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Ecological Impacts of Invasive Species
Marieke and Ann
Genetic Level
• Defined as alterations to the native gene pool
through hybridization and introgression
– Easy definition is backcrossing, producing gene
flow between the native and invasive
New Zealand grey duck
Australian black duck
Hawaiian duck
Individual Level
• Defined as alterations to the fitness or traits of
individuals, including changes in morphology
or behavior
Population Level
• Competition: non-natives
outcompete natives
• Predation: most discussed because of devastating
impacts on evolutionarily naïve natives
• Physical: physical attributes
of the invader
Community Level
• Mass extinctions: evolutionary isolated systems
receive a novel predator or herbivore
• Community alterations:
whole community changes,
especially on islands
Ecosystem Level
• Altering the flow of materials through the
ecosystem or the disturbance regime
Landscape, Regional and Global Level
• Endemic species most affected, naïve
• Homogenization: the idea that the world will
eventually look the same across all continents
• Think of some examples not in the chapter
and classify their impact (genetic, individual,
population, community, ecosystem, global).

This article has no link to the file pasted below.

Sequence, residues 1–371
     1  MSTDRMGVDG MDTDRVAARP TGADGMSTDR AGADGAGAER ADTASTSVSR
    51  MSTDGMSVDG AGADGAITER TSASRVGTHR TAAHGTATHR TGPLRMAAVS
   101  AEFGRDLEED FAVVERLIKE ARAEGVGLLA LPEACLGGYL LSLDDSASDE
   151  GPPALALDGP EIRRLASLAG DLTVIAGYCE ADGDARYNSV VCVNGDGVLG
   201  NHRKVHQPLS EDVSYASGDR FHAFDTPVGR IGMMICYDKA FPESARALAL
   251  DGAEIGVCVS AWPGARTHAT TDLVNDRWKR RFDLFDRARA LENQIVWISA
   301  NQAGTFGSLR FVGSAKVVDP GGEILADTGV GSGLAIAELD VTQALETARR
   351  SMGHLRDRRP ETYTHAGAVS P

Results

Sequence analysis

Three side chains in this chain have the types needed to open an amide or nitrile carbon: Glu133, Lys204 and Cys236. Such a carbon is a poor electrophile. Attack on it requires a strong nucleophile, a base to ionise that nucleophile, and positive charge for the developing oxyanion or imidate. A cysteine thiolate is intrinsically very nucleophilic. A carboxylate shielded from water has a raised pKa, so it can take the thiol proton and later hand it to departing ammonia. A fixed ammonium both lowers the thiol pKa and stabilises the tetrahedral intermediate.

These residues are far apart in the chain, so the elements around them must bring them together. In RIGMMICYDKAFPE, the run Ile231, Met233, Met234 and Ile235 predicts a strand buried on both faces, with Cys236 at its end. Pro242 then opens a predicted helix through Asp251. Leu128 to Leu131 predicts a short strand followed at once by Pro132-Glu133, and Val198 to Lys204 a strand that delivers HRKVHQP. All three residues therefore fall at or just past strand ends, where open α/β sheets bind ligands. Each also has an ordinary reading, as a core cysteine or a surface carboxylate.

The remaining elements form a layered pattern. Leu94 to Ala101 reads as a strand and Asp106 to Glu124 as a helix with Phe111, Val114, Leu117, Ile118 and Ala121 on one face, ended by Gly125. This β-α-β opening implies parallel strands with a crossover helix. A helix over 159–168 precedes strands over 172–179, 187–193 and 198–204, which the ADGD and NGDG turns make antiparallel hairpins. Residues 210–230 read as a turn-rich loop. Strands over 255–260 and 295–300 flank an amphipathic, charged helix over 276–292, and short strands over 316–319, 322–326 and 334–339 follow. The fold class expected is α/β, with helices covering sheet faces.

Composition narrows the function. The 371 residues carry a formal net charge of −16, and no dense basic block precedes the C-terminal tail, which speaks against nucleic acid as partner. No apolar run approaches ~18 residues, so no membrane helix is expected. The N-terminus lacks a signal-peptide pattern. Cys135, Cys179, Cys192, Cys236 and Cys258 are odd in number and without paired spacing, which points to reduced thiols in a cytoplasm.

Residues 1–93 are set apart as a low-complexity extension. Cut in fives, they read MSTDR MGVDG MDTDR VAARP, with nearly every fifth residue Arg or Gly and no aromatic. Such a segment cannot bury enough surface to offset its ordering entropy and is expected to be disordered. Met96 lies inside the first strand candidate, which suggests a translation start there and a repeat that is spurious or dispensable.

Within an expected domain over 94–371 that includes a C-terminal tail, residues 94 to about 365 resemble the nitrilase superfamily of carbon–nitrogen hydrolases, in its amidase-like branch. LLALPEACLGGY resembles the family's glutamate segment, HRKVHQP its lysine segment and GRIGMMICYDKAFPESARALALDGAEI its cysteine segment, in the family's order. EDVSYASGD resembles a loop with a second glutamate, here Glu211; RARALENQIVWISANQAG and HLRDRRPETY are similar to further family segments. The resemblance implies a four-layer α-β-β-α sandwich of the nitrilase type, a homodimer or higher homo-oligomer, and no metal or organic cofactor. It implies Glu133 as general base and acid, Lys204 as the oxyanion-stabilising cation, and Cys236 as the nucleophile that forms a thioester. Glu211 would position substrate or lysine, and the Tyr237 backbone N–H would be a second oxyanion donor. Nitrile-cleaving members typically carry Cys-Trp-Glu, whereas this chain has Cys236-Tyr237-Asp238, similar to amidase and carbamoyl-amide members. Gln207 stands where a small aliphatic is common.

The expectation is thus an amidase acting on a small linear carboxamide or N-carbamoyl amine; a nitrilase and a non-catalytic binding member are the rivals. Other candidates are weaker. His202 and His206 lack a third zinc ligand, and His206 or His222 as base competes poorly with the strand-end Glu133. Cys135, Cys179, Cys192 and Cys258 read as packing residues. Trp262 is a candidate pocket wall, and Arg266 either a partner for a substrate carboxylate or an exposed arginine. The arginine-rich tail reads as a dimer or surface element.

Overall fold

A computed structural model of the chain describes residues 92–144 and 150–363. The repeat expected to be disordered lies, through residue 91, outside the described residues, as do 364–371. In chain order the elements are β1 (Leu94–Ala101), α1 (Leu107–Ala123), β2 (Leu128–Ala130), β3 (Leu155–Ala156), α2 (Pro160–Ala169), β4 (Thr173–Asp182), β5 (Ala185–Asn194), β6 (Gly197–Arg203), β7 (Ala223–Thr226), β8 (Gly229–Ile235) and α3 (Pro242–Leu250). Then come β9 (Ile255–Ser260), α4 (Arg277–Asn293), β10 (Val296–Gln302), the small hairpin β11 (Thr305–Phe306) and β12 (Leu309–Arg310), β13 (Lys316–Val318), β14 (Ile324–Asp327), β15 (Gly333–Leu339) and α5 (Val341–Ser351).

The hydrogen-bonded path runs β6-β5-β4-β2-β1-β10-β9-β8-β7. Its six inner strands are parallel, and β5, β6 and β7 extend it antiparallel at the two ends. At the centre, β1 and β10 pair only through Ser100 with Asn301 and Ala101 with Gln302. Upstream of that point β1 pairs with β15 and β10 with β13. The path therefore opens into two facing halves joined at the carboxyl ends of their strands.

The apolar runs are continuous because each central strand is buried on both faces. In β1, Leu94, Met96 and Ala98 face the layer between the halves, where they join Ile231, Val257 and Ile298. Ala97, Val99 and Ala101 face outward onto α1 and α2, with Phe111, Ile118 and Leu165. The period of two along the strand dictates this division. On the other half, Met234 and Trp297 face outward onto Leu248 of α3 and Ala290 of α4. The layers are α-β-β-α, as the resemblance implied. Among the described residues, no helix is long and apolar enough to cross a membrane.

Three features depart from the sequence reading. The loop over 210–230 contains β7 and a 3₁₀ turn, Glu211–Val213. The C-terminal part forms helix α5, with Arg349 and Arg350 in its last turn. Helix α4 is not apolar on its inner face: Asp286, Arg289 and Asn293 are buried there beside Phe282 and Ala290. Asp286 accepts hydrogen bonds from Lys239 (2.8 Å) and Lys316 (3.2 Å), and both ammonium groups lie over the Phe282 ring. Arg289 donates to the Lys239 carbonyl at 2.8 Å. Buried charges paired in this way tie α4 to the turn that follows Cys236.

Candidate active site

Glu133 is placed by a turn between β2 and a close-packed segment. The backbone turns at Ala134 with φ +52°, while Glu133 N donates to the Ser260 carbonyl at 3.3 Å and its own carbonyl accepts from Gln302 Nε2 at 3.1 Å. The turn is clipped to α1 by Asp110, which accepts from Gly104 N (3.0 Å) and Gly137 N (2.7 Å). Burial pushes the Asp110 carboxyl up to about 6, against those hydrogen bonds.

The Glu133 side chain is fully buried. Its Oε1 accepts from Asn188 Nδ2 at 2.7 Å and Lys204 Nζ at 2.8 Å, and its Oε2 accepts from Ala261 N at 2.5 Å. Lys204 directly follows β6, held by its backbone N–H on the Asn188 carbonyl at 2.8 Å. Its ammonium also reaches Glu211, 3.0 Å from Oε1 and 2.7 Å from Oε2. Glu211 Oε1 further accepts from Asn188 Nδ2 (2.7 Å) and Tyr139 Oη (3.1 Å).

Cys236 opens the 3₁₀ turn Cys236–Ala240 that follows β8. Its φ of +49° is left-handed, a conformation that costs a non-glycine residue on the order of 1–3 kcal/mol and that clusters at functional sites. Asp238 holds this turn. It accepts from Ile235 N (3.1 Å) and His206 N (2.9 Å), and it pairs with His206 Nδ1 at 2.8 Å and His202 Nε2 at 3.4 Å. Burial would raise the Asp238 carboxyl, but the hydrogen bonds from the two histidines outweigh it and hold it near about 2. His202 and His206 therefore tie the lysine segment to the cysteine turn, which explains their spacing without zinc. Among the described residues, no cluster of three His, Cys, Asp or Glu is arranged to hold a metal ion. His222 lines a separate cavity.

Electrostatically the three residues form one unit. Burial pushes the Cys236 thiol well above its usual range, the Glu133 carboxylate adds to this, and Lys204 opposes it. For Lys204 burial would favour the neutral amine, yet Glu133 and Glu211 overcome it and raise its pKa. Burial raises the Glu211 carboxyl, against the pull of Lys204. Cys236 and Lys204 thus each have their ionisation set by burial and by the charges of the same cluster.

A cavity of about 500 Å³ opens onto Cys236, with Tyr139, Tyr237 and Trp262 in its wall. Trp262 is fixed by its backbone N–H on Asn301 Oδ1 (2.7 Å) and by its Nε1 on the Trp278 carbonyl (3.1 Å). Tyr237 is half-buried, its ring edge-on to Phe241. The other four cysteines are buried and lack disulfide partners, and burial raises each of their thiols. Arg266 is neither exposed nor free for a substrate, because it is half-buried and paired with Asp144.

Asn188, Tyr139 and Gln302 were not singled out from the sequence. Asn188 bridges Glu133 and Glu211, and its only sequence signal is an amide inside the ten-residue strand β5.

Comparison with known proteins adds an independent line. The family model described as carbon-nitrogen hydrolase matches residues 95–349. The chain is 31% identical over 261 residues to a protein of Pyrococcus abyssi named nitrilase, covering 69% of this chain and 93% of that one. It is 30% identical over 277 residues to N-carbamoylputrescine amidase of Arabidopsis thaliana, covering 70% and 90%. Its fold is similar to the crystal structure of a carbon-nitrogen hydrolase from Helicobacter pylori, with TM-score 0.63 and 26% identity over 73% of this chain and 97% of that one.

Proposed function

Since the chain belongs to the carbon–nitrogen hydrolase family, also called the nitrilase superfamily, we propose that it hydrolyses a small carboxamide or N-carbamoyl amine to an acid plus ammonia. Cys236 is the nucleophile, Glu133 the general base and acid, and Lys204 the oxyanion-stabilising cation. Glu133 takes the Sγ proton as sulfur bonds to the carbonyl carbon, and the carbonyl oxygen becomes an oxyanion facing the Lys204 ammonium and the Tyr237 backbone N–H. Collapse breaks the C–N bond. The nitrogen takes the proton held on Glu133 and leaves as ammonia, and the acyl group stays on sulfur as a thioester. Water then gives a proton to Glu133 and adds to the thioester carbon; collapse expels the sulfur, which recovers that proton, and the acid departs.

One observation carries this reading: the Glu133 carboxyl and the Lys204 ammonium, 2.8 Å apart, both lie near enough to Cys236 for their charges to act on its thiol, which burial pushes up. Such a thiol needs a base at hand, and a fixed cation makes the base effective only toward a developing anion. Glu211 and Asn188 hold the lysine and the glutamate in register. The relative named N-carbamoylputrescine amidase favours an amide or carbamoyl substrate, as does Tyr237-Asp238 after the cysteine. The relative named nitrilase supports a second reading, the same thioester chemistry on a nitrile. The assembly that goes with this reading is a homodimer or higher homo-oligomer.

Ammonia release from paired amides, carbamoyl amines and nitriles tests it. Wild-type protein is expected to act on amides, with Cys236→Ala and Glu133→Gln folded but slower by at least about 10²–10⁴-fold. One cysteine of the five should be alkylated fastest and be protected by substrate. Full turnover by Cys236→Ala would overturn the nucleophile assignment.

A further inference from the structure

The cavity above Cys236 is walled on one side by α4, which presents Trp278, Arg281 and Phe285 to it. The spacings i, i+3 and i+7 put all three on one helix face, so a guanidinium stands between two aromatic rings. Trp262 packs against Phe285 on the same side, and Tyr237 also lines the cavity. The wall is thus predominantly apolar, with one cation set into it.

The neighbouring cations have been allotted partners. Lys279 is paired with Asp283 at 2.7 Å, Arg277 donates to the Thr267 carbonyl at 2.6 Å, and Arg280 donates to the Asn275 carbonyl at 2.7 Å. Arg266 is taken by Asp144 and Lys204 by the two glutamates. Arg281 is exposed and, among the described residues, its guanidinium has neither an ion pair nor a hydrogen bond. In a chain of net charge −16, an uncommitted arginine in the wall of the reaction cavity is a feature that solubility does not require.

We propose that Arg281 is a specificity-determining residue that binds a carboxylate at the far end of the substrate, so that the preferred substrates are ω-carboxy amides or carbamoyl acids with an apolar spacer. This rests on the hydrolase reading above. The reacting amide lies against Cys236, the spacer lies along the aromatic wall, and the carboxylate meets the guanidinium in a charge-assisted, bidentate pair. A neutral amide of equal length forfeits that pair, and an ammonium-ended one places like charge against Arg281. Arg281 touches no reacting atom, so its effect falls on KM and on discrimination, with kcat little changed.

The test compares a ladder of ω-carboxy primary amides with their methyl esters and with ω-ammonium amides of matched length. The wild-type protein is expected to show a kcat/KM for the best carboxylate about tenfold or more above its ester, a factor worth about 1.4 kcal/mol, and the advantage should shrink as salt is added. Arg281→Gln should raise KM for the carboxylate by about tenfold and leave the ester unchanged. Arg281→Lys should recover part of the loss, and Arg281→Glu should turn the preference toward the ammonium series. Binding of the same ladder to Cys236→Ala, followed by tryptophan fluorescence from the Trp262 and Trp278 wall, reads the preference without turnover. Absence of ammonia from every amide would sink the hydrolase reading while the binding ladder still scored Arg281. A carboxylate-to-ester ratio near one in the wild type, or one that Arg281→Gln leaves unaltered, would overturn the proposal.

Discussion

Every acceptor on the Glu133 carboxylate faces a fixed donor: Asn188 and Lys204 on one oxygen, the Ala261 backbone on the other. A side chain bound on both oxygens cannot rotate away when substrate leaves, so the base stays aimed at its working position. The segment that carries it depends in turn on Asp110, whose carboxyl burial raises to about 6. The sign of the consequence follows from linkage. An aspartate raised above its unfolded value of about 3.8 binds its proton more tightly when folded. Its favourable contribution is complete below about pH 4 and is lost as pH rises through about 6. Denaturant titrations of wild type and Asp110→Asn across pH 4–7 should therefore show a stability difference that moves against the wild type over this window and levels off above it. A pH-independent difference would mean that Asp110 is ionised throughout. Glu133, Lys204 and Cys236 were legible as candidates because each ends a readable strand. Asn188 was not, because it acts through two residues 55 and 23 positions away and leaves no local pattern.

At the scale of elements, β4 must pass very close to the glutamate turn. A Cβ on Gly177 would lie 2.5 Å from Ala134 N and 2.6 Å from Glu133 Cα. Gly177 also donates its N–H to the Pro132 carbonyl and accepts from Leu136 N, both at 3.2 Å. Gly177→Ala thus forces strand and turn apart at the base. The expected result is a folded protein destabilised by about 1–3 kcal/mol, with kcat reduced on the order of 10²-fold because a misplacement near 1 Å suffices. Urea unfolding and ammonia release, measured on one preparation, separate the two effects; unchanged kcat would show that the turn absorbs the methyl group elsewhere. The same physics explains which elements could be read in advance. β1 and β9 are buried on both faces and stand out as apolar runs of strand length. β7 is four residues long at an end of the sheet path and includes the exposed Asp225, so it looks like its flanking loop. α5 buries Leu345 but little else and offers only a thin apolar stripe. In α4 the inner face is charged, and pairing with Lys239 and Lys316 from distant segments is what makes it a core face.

• Do you agree with the following statement:
“…impacts will generally only result from species
that have moved through all previous stages.”
• What is the role of humans in the struggle to
maintain “genetically pure” native
populations? How do we stop hybridization?
• In the Species Survival Plan for tuataras three
options for recovery are listed:
– Do nothing
– Eradicate the kiore
– Captive breeding program for tuataras, with
• Which option(s) would you choose?
• Which, if any, of the different levels discussed
are the most “insidious”?
– (The authors believe the genetic level impacts are most destructive.)
Figure 9.3 Fecundity (fruits/plant) of Arabis fecunda individuals
through time, in control and treatment plots. The treatment was
the removal of spotted knapweed (Centaurea maculosa), an
invasive plant in the northwestern USA. Although fecundity was
influenced by annual climatic events (i.e. rainfall), the removal of
the invasive consistently resulted in higher rates of reproduction
for the rare native. From Lesica and Shelly 1996.
Figure 9.4b Size-class frequency distribution (SVL =
snout-to-vent length) for tuatara on kiore-free (uninvaded) and kiore-inhabited (invaded) islands. The
distributions differ significantly, with a noticeable
absence of small juvenile tuatara on invaded islands.
Figure 9.5 Histograms of total
ant species richness in sites with
and without the imported red
fire ant (Solenopsis invicta).
Figure 9.6 Histograms of native
ant abundance over sites with
and without the imported red
fire ant.